The Courier News from Blytheville, Arkansas on October 3, 1949 · Page 16
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The Courier News from Blytheville, Arkansas · Page 16

Blytheville, Arkansas
Issue Date:
Monday, October 3, 1949
Page 16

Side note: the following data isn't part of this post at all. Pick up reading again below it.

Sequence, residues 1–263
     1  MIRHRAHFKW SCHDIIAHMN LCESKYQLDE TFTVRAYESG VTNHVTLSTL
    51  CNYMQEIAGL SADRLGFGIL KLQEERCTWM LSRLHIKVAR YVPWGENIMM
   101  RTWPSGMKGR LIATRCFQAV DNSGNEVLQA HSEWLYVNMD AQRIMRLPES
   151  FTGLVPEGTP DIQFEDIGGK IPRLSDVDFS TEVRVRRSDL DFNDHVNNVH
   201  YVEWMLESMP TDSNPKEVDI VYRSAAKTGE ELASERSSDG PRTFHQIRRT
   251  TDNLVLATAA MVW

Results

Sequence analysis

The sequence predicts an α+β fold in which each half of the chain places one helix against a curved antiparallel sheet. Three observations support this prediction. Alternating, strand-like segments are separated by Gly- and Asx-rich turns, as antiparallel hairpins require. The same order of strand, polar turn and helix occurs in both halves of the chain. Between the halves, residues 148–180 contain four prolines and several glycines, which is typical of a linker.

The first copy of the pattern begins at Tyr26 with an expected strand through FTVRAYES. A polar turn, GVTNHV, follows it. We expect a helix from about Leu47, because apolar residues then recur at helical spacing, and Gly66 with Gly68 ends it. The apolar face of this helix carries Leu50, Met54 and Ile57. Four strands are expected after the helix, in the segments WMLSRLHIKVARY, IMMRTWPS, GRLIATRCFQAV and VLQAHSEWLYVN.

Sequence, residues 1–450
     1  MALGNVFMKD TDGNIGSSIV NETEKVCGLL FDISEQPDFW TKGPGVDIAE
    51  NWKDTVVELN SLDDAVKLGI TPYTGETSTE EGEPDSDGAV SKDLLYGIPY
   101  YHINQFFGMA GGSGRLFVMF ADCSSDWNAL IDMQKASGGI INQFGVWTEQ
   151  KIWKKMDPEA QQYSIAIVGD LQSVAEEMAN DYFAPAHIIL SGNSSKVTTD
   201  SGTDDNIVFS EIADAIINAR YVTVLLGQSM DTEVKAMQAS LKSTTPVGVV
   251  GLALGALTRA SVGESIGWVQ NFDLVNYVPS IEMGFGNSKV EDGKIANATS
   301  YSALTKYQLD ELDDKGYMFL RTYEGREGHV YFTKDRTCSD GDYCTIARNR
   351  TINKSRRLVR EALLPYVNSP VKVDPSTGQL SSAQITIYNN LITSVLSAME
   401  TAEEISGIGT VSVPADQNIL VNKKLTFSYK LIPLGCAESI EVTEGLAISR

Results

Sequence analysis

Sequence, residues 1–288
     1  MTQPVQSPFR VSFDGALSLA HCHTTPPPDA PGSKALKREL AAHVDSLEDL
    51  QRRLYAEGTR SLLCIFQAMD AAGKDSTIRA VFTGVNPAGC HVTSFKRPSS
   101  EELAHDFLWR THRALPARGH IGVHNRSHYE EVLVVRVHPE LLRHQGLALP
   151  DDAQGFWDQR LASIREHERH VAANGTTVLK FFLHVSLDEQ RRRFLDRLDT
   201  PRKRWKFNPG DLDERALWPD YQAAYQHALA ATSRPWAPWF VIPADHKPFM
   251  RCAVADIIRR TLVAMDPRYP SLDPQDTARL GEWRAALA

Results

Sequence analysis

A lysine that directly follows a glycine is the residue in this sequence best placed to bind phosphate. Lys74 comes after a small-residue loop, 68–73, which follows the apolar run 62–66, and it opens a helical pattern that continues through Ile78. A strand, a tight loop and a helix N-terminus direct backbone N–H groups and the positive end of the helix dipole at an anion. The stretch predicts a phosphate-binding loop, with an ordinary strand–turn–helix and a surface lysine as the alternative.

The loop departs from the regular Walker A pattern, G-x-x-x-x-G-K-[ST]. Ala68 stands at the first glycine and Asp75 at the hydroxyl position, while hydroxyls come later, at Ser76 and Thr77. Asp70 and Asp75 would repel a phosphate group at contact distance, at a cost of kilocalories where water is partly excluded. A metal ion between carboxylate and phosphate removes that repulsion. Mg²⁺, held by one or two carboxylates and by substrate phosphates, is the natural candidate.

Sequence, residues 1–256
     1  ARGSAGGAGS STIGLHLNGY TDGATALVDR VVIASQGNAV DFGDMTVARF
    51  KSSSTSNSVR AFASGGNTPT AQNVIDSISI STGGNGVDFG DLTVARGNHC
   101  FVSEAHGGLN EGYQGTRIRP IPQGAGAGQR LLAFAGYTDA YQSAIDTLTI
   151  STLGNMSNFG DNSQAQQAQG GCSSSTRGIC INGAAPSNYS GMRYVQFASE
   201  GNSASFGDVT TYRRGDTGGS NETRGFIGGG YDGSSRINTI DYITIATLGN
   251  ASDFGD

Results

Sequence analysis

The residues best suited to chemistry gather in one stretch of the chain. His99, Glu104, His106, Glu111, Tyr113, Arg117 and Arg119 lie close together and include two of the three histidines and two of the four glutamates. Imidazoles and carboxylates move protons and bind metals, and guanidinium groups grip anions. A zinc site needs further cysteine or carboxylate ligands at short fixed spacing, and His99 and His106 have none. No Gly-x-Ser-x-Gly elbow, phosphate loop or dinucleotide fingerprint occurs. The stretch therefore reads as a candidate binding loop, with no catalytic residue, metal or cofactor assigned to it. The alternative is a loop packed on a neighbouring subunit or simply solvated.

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'I;'" FAQ* SIXTEEN BLYTHEVILLE (ARK.) COURIER NEWS Tribunal Upholds Two Convictions State Supreme Court Denie* Rehearing of Rap* Attempt Killing ;tnri* ROCK, Oct. %. «>)—Tin Arkansas Supreme Court today up held two murder convictions an< denied « rehearing In the case o Thotnu Edwin Black, whose death sentence for murder already been affirmed, One conviction affirmed was Ilia ef George; Cooper, Gravette radii repair shop owner/sentenced to lif< Imprisonment for the "valve stem' flaying of his wife. Lois, at Grav etie, last Dec. 23. The other was that of Roya Houston, Negro, sentenced to sevci years on a" second degree murder conviction for the fatal shooting of William Irvine, 18-year-olrt Negro, at Madison, St. Francis County Jan. 9. 1948. Black,'.a Little Rock garage mechanic, was sentenced to die for the slaying of Betty Jane McCall a Fort Roots nurse, in a rape al- tempt^ near Litde Rock last year The iupreiiie court affirmed the sentence in June before its summer recess. The original date for electrocution passed while the case was pending before the high court 'Governor MeMath will set a new date In the Cooper opinion, to whlcr Associate'. Justice George Rose Smith dissented, the court!majority Dejected '13 alleged errors cited by the'defense fn its ne\v trial motion i Mrs. 'Cooper died after a valve stem, which had been attached .to .•an .oil drum; penetrated her skui! .The incident occurred after a truck :she and Cooper occupied ran down ;an embankment.' The stole con- .tended Cooper take'd the accident )and drove the valve stem into his :>Ife'j . skull; Cooper declared she :vns killed .'accidentally. Salt Is Dismissed In the only non-criminal case de cided' today, the supreme court re; ve'«ed arid dismissed an accident .'suit Judgment for S25.000 obtained ;by Ellis E. Lawrence against the -.Missouri Pacific railroad In Clark 'Circuit Court. The high court held !the Clark court had ho jurisdiction '.because Lawrence was not an actual president, of that county.' The tils- JmLssal was made without prejuidce. " 'The court affirmed two inlsde- ^Biennor convictions appealed from ^Mississippi County Circuit Court. In .one," the St. Lonls-Sciir Fi-an- tttca Railway Company had appeal- t *d from n fine imposed for \ lola • tion of Arkansas' full crew ma The ^•tat« alleged the railroad company .•operated a switching crew In Osce- .ola without the number of brake- •inen required by law J In the other case, Lee Ramperl ,had appealed from a fine of 45 -:«md costs Imposed originally m ^Blytheville Municipal Court on a charge _of speeding Th* iupieme court hated licenses to practice law to Jack M Surge, Pajetteville, and Libert J Cook, Sprlngrtale, Negro'Dies of Wounds; Shotgun Found on Floor >A Negro, Identified as John Burns, .vaf'fouri'd fatally wounded on the Hoof!;of his home on South Elm Street last' night, apparently a suicide victim. Attendants of a. Caston Funeinl , Home ambulance took tlie man to the Bljthevil!e Hospital around 11.30 last night with a shotgun wound in the left side of his face He died about one hour later. Official] of the funeral home said > shotgun was found on the flooi Senate Fight Starts on Agri Legislation WASHINGTON, Oct. 3—W—The Senate buckled down today to a scrap over farm legislation—• politically hot Issue that has crisscrossed party lines. Mindful of the hay President Truman made In (he Midwest farm belt In his election campaign last year! Seniors ceme to grips with the problem of how far the government should go tn supporting farm prices. Before them wa* a compromise bill 'worked out by a Senate agriculture subcommittee under the guidance of Senator Anderson (D- NM>, former secretary of agriculture under Mr. Truman. It would set up a flexible system of government-backed price supports, ranging from 15 to 90 per cent of parity for most basic crops. The price props would' come down as crop supplies went «p. (Parity Is a price Intended to give farmers a fair return oa their crops in terms of what they have to buy.) Senator • Alken (R-Vt), author of last year's act. Is backing the Anderson bill, but some Senators, both Democrat -and Republican, want higher price supports for basic crops. Senator Elmer Thomas <D-OkIa) chairman of the Senate Agriculture Committee, said 'he plans to offer the program of Secretary of Agriculture Brannan as a substitute for the Anderson bill. "I'm for the highest price support I can get," he said. JAYCEES Obituaries Retired Teacher M, C. Outlaw, Dies in Memphis M. C. Outlaw, retired teacher, iied last night at the Methodist Hospital In Memphis and services will be conducted'at the Holt chn'p- •1 at 2:30 tomorrow by the Rev. " C. Brown, pnstor of the First Baptist Church, and the Rev. P. H. Jernlgnn, pastor of the Calvary Baptist Church. Mr. Outlaw had been s put-lent at the Memphis hospital since Sat- irday, and his death was caused by jlood poisoning, but his health had lecri bad for the-past two years, le was. born in Harding County, 7enu., but moved to Mississippi County 25 years ago. He luught cllool for .a -number of years but e tired In 1930. He joined the Bap- ist Church at the age of 13, and las been a member of the First Baptist Church In Blytheville for .bout 25 years. His wife, Mrs. M. C. Outlaw; n isier, Mrs. Maud White of Port Imith; three brothers, Boyce Out- •nv of Morris Chapel, Tenn., the Rev. J. E. Outlaw. Baptist Minis- at Tnlsa, Okla., and Herbert Outlaw of Savannah, Tenn., sur- ive him. Active pallbearers include: Elmer Cunningham, Ernest Slgman, Robit Sanders. Grady Golf, and -Jim England. Honorary pallbearers will e Jessie Simpson, Tommy Sigmfui^ "idney Craig. Woodrow Sigmohrift!' Crowder, W. M. Crowe. Willis! Vatson. Clyde Cameron and Bill ^amke. Burial will be in the Memorial 'ark Cemetery. eside the rrjan, who was said to e around 60. Puneial anangcments are incom- lete. : Continued From Page Oo» schedule for th* contest will be Cowboy Copas and the Oklahoma Cowboys with Laiy Jim Day from station WSM's "Grand ole Opry in Nashville, Tenn. Copas and his crew will make their first appearance at 11 a.m. Next to be heard will be Pappy Stewart's Family, a Western band from station KLCN. Ending the pickers' field work, the contest closing gun will be fired at 12 noon. The afternoon program will be staged In front of the grandstand at Walker Park. T.-J. Bailey, program chairman for the contest, will be master of ceremonies for the afternoon program. Beginning at noon. Slim Rhodes and the Mountaineers will again be heard. Al 12:45, the Blythevllle High School band will give another performance. Two events will be staged simultaneously at 1 p.m. In front of the grandstand, the Clothing from Cqt- ton Bags Fashion Show will l>e held while a demonstration by three mechanical cotton pickers will be presented In the contest field the pickers used that morning. Winning entries In the Clothing from Cotton Bags Contest as well as a 20-plece wardrobe furnished by the National Cotton Council will be modeled by Blythevllle.girls during the style show. Miss Sue Reid of Memphis, fashion : stylist for the Cotton Council, will act ns commentator and Mrs. Eddie Sallbu of Blythevllle will provide a piano accompaniment. Miss Mary Ellen Stafford, "Miss Blylhevllle of 1948," will reign as "Queen of Cotton Fashions." To Demonstrate ftfeclianfcaf Pickers In the contest field, pickers made by Allied Engineering Co. of Memphis, Ben Pearson Co. of Pine Bluff and International Harvester will be demonstrated. At 1:45, Cowboy Copas and , his aggregation will return to 'the grandstand stage. . . ; • ' This will be followed by a marksmanship exhibition by Herb Parsons at 2 p.m. Parsons also appeared on last year's program. A "Welcome to Blytheville" will be extended by Mayor Doyle Henderson-at 2:45. At 2:50, a welcome pn behalf of the Jaycees will be extended by Roland Bishop, president of the Blytheville club. Special guests will be introduced by Mr. Bailey at 3 p.m. Rosco Crafton, Blytheville businessman and civic leader who originated the contest In 1940, will speak briefly. This will be followed by [tie principal address of the contest program delivered by Chester C. Davis, president of' the Federal Reserve Bank of St. Louts. He will be Introduced by B. A. Lynch, president of the Farmers Bank and Trust Co of Blythevllle. At 3:45. Cowboy Copas. the Oklahoma Cowboys and Lazy Jim Day will return to present their main show..' • To Announce Winners at 4:15 p.m. Presentation of cash awards lo the winning pickers Is scheduled to begin at 4:15. Jack Rawlings chairman of the cotton picking contest committee, will present the $1,000 first place award to the winner in the Open Division. \V. R. Nicholson of Osceola, president of the Arkansas Junior Chamber of Commerce, will present the -$250 award to the first-place winner in the Women's Division. A special broadcast over stations KLCN. Blythevllle, snd WMO. Memphis, is cheduled for 5 p.m The afternoon program will clo«c at 5:15. . " An open house for Javcees and contest guests of honor will be held at 8 p.m. In the new Jaycee clubhouse on North Second Street. Hurricane with 100-MPH Winds Hears Gulf Coast CORPUS CKRISTI, Tex., Oct.'», <AP)—A 100-mlIe-an-hour hurricane moved slowly toward the Industrial-studded Tf-xaJ! Gulf coast today, ' , All along the crescent-shaped coastline from Corpus Christ! to Galveston, about 230 miles, preparations were made for a big blow late today, : Tides already were running high and torrentla} raiiis drenched the whole area. Nearly four Inches of rain had fallen at Galveston. ' At 9:45 a.m. (CSTJ the hurricane we.? centered about 125 miles east southeast of Brownsville, on the ex. freme southern tip of the Texas coa-st. Britain Ready to Talk Recognition of Reds , LONDON, Oct. 3-(/pj—Britain announced today it Is ready to discuss recognition of the newly form- cdRed Chinese government with 18 other governments, including tile United States. The countries concerned are the 11 member-nations of the North Atlantic Alliance and the members of the British Commonwealth. The Blytheville-Pine"Bluff football game will get uiideru-ny at 7:30 at Hnley Field. .' Closing event on the 10th annual National Cotton Picking Contest program will be the Cotton Ball which will begin 'at 10 p.m. In the Main Exhibit Building at Walker Park fairgrounds. Johnny Polzln and his orchestra from the river steamer SS Admiral, St. Louis, will provide the music. On* KiHed, Four Inland When Train Cart Jump Rails, Art Ripped Open AMES, la., Oct. 5. «P)_A rail coach filled with sleeping pasjen- gers was sheared open, killing one person and Injuring four severely when five cars of the westbound City of San Francisco streamliner left the rails here early today. All of the Injured vert on a coach which left irn raits and was ripped open as It Jack-knifed Into a box car on a siding. Broken glass baggage mid seats which had been torn from their mooring flew through the coach. The coach's side was ripped open for a distance of about 20 feet and the coach Immediately behind it scissored off the tracks as the crack Chicago and North Western passenger train came to a stop v/Jthln 200 yards. Three sleepers at the rear pf the train also left the tracks Killed was Ernest Rlggs, 35-year- old Negro from Oakland, Calif., who was on his honeymoon. His bride was unhurt. Chemicals Explode A sm.-tli explosion or mixed chemicals at the Wood son-Tenent Laboratory, 612 West Ash Street wns the cause of a fire alarm at noon. Saturday. Chemicals mixed in a bottle exploded with no darnaKc re suiting. . Polio Victim, 2, Dies MEMPHIS, Oct. 3-(iPj- A two- year-old boy—Jerry Callaway of Marinima, Arfc.—died of polio at Isolation , Hospital here last night only 50 minutes-after, he was admitted. It was the 14th polio death of the year at the hospital. State Livestock Show Opens for Week', K UH . UTTL-E ROCK, Oct. !-<*)_ThIs •tat*', biggest «xpo»ftloo-the : Ark- ansai Livestock Show—«wung open Its gates this morning to begin a week's run of fun, entertainment thrlllj and hard work. The entertainment and fun, of course, arc to be found on the broad, noisy, colorful, whirling midway which stretches through most of the 70-acre show grounds- Thrills are Jammed packed in every book of the rodeo arena. The hard work can be found at every turn, where farmers and livestock owners are readying their prize winning charges for a show- Ing In, the championship events. DOUGLAS Continued From Page one he spent his boyhood and helped work his way through grade and high school as a newspaper carrier. He had planned to return to Wash- Ineton, D. o., last night by. plane.- The several hour horseback trip to the Chinook Pass area of the high Cascades had been planned in connection with Douglas' book, soon to be published. With Elon J. Gilbert, Yakima fruit broker who has been a close friend since they were youngsters, Douglas visited mountain spots mentioned in the semi-autobiography. Douglas had stopped to tighten his saddle cinch on a narrow, roeky trail, and was remounting when his horse became frightened. The rearing animal threw Its rider, fell backward and rolled over him as they both slid down the steep,, jagged slope 20 feet to a lower trail. Gilbert made his companion as "MONDAY/OCTOBER t, 1949 comfortable as possible and then went for aid, but it was more than au hour before a stretcher could be brought, up''(to".'rugged hillside Douglas never U»t' consciousness throughout the long ordeal: He was hospitalized here about four hours the accident, He bus been a member of the Supreme Court more than lg years, and returned recently with hta 17. year-old son, William, Jr ,, from'th, fill A At ^ <?»*•* ^,iJ T7'.~. _ Middle East and Europe where tb*» RnmiK C£>V(1H OTCUiIrc- - v*fc fci«^ Announcement HARRY WHITE FORMERLY CONNECTED WITH SMITH PONTIAC CO. Is Now Service Manager at Your Nash Dealer's SHELTON MOTOR CO m, psSHPsss 3yt m •X: 1 Ipgs ^•*^rS*£ kUl JUtiS^ —. , , . •« . m^*^, "-- liWii^^'^^"'* **•**• ••ifafv g^C=^ THIS WEEK! Ocl. 5~6~7~T9! AMERICAN LEGION PARK Carurhersville, Missouri —' - - ^- TT -W • ^ • • ] fc| GROWN SHOWS ° NE ° F ™ E nt, RGCST TRUCK CARNIVAL^ ON THE ROAD Adults 30e '','T« • Included Admission To Grounds 12 Shows Children Over 12 — I5e Tar Included Children Under 12—FREE INTERNATIONAL HARVESTER HAND —IN-HAND INTERNATIONAL HARVESTER This is the tenth year that Blytheyille has celebrated the production of cotton by hold' ing the nationally-famed National Cotton Picking Contest. And we join in paying tribute to the industry of the JayCees and to the cause which they represent . , . national recognition of our area as a vitally important cotton growing region. ' FARMALL PRODUCT OF INTERNATIONAL HARVESTER International Harvester plays a part in that production of cotton as well as in other phases of Blytheville's business life through the use of its trucks and farm implements, headed by the great Farmall Tractor. You can be certain that, in trie next ten years. International Harvester will continue to offer machinery that can stand the test of time. w. INTERNATIONAL ' HARVESTE 3/2 SOUTH2OPST. PHONE863 li